I had a light breakfast and then went to the gym and worked out for an hour, got home and got ready for work. After I finished packing a few final things, I loaded my stuff in to my car, said goodbye to the cats, and made some final security checks around the house, and got on my way to work.
I arrived at work at 8:00am and spent the morning tidying up some loose ends, sending "I'm out of the office until next week" emails, and making sure things are good before I leave. I left the office at about noon, grabbed a coffee at Starbucks, then made my way to LAX.
I arrived at LAX at about 1:30pm. I parked the car in the long-stay parking lot B, in a memorable and easily-found place, and I took a few pics of the locations. Why? Because my wife will land on Friday, and she will need to find the car based on me directing her over the phone!
I hopped on the bus to the Tom Bradley Terminal and was there within 15 minutes. Check-In was not quite open, but I had checked in online, so I stood in the Easy Bag-Drop line. A young lady came and joined me and we got chatting. She was a BA F/A and was non-revving back to London. I told her she had really pretty eyes and then asked if she could pull some strings and get me upgraded. No dice. What's a guy to do, eh?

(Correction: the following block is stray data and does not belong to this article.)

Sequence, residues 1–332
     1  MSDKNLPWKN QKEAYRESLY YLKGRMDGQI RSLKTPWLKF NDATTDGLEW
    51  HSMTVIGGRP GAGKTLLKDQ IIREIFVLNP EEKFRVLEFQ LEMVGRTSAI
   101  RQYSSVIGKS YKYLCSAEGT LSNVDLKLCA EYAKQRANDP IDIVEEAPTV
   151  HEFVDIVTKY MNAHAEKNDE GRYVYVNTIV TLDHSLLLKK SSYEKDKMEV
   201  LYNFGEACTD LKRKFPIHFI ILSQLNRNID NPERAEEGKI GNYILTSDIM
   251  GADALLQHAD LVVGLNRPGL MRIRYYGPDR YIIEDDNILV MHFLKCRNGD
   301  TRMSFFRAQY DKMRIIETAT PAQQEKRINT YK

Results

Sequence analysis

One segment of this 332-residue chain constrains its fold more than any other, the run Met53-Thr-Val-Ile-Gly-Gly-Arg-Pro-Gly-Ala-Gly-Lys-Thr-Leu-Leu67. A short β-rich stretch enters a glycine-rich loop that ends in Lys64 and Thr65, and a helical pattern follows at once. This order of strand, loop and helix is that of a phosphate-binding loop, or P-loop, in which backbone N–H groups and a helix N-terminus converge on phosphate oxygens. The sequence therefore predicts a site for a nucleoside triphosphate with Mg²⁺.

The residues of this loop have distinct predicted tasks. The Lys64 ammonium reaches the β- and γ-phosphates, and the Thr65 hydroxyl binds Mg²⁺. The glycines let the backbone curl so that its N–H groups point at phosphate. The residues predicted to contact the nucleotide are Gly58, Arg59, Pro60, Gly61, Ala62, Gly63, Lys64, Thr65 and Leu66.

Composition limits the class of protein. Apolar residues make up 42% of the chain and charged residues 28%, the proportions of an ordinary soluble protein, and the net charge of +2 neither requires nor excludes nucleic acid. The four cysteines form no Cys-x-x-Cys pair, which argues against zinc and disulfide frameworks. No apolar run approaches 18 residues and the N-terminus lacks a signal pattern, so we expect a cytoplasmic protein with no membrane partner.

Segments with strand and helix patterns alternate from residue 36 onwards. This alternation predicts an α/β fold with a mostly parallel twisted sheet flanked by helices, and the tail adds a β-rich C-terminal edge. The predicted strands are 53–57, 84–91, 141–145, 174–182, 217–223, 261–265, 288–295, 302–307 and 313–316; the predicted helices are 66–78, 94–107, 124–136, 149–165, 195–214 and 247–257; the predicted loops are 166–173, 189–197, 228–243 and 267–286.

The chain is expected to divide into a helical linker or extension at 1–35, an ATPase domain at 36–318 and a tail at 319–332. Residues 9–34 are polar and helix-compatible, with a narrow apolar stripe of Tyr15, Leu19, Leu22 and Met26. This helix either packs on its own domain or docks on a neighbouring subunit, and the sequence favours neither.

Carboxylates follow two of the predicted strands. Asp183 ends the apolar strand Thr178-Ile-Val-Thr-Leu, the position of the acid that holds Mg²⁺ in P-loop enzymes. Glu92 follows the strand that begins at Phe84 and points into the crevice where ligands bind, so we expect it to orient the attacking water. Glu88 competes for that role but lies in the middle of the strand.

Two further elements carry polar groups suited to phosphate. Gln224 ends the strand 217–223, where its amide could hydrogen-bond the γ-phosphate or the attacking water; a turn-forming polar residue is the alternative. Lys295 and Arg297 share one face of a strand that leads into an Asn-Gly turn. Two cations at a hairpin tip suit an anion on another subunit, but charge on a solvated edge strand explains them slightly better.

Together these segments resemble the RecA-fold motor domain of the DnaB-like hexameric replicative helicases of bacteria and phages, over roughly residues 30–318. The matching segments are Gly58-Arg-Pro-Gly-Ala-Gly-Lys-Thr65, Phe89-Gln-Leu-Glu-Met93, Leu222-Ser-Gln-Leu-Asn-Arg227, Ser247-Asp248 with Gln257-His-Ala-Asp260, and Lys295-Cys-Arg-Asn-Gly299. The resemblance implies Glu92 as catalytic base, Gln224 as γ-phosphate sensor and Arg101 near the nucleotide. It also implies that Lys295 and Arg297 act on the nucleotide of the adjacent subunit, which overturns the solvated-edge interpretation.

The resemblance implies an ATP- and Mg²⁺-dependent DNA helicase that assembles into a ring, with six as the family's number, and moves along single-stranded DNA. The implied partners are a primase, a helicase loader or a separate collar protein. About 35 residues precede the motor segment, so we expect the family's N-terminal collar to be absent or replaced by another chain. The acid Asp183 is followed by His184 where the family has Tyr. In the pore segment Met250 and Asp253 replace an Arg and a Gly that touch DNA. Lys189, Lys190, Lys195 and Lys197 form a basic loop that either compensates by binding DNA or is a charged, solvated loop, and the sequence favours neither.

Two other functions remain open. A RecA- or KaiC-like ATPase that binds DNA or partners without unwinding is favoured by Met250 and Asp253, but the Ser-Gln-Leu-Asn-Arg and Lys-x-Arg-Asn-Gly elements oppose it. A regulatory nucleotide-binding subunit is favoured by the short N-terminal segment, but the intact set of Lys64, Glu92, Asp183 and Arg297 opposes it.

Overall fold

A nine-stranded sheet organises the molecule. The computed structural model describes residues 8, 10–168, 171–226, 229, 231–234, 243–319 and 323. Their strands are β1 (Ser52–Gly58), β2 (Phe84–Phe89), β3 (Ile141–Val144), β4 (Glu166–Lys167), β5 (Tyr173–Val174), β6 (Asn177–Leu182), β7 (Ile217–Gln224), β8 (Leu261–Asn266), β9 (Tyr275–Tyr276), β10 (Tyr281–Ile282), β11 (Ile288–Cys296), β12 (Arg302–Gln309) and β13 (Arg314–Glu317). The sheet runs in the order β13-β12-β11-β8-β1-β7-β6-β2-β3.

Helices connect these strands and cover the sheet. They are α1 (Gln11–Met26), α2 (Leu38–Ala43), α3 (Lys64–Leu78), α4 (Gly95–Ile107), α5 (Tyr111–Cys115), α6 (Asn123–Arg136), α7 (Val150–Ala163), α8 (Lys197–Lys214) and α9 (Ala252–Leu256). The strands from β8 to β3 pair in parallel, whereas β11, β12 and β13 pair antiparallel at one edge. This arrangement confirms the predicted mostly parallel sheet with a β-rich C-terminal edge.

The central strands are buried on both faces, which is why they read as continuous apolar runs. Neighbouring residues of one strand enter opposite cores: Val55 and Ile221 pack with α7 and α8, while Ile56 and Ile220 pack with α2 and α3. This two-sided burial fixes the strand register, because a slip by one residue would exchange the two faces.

Soon enough check-in opened and I got my proper boarding pass and my bag was tagged. I had to take it to the TSA X-Ray machine, but that didn't take long at all. I bid my farewell to the pretty non-revver and wished her a pleasant journey.
I had a couple of hours to kill, and I didn't feel like clearing security yet because there's not much to do airside at LAX. I went to the upper level of the terminal and bought lunch at the Daily Grill, and chatted with the barmaid and another traveller who was on his way to Sydney. After finishing my beer, I browsed the shops, purchased a US to UK power adapter/converter (lost mine on my last trip) and then decided to clear security, so at about 3:45 I grabbed my roll-on and laptop and made my way towards security. It took no time at all to get through security, but the sunglasses in my bag looked like scissors apparently, so the TSA girl searched my bag. She was very nice and upbeat about it, and after giving me the all clear, wished me safe travels.